The Code is a code of procedure and, like all procedural laws, is designed to further the ends of justice and not to frustrate them by the introduction of endless technicalities. The object of the Code is to ensure that an accused person gets a full and fair trial along certain well established and well understood lines that accord with our notions of natural justice. If he does, if he is tried by a competent court, if he is told and clearly understands the nature of the offence for which he is being tried, if the case against him is fully and fairly explained to him and he is afforded a full and fair opportunity of defending himself, then, provided there is 'substantial' compliance with the outward forms of the law, mere mistakes in procedure, mere inconsequential errors and omissions in the trial are regarded as venal by the Code and the trial is not vitiated unless the accused can show substantial prejudice. That broadly speaking, is the basic principle on which the Code is based.
Now here, as in all procedural laws, certain things are regarded as vital. Disregard of a provision of that nature is fatal to the trial and at once invalidates the conviction. Others are not vital and whatever the irregularity they can be cured; and in that event the conviction must stand unless the Court is satisfied that there was prejudice. Some of these matters are dealt with by the Code and wherever- that is the case full effect must be given to its provisions." and more pointedly at page 122 in these words:
Except where there is something so vital as to cut at the root of jurisdiction or so abhorrent to what one might term natural justice, the matter resolves itself to a question of prejudice. Some violations of the Code will be so obvious that they will speak for themselves as, for example, a refusal to give the accused a hearing, a refusal to allow him to defend himself, a refusal to explain the nature of the charge to him and so forth.
These go to the foundations of natural justice and would be struck down as illegal forthwith. It hardly matters whether this is because prejudice is then patent or because it is so abhorent to well-established notions of natural justice that a trial of that kind is only a mockery of a trial and not of the kind envisaged by the laws of our land, because either way they would be struck down at once.
Other violations will not be so obvious and it may be possible to show that having regard to all that occurred no prejudice was occasioned or that there was no reasonable probability of prejudice. In still another class of case, the matter may be so near the border line that very slight evidence of a reasonable possibility of prejudice would swing the balance in favour of the accused.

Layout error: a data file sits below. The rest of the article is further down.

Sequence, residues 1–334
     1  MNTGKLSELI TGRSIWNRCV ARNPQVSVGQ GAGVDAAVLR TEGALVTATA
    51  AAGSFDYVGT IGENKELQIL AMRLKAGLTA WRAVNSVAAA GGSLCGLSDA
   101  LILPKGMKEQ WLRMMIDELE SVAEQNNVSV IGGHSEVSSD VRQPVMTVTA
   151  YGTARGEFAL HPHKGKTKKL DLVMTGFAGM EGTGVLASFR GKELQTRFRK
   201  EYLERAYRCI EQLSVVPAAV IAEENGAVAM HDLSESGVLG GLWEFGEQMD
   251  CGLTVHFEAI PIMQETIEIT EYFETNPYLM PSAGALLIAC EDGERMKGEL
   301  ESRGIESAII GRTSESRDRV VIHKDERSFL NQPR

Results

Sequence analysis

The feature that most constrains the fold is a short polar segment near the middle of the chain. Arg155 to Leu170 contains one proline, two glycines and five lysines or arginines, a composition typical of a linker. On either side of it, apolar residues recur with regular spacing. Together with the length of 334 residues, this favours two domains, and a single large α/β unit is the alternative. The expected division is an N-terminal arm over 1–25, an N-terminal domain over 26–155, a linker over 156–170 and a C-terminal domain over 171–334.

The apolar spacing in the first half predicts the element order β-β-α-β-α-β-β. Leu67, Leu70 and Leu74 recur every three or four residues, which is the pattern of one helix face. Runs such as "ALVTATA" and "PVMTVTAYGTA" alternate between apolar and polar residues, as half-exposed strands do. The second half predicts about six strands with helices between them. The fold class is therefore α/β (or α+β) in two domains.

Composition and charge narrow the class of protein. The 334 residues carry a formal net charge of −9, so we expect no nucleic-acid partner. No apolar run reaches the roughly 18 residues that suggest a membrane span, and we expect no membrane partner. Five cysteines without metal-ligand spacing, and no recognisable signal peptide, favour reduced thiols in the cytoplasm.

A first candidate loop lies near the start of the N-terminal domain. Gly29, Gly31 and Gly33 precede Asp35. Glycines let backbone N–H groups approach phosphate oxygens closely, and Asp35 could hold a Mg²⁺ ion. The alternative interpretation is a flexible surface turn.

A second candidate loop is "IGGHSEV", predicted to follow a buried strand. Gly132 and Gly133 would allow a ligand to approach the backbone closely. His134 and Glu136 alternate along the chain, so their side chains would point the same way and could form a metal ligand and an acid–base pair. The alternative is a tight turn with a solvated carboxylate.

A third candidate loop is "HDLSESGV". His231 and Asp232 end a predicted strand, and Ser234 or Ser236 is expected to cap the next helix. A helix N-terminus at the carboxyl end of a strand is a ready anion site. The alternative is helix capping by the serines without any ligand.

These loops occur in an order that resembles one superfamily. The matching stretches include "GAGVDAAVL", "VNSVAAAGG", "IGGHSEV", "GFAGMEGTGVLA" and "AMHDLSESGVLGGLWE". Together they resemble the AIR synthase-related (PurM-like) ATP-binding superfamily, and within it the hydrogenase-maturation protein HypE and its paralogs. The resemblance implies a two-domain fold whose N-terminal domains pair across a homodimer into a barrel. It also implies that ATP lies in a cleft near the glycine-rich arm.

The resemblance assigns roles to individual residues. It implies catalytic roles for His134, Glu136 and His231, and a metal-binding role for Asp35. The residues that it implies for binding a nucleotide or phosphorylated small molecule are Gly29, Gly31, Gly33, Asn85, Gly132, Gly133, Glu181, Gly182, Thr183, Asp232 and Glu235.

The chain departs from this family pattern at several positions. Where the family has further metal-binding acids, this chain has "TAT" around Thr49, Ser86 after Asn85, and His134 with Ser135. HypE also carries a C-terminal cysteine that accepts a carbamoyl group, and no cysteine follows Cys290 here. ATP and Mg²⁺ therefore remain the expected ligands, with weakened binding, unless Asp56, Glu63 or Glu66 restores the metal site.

6. Reverting to Section 204 (1-A) it is clear to us that the object of this provision is not to introduce a requirement that goes to the root of the jurisdiction, as for example, the requirement of previous sanction under Section 197, but to serve a two-fold purpose; one to apprise the accused at the earliest opportunity of the persons who are likely to give evidence against him and second, to scuttle any attempt on the part of the complainant subsequently to improve the state of evidence by made-up witnesses. This may give a valuable right to the accused but it is not certainly one which the law regards as fundamental or sacred in that the list of witnesses, as aforesaid, may be added to, modified, or otherwise varied in the subsequent proceedings under Section 208 if the offence is one triable by a Court of Session or at the trial under Section 252 if the case is a warrant case and under Section 244. if the case is a summons case, the reason being that in all these sections the law provides that the Magistrate shall take "all such evidence" as the complainant may produce implying that he shall not be tied down to the list of witnesses already furnished by him with the complaint. Again the provision is analogous to Section 173 (4) which provides that in cases instituted upon police report as distinguished from 'complaint' the investigating officer shall be under an obligation to supply, before the commencement of the enquiry, to the accused not only the list of persons proposed to be examined by the prosecution but also copies of their statements recorded under Section 161 as also copies of other documents or relevant extract therefrom which the prosecution proposes to rely upon. The trend of the decisions of the Supreme Court as reflected in and is that non-supply of such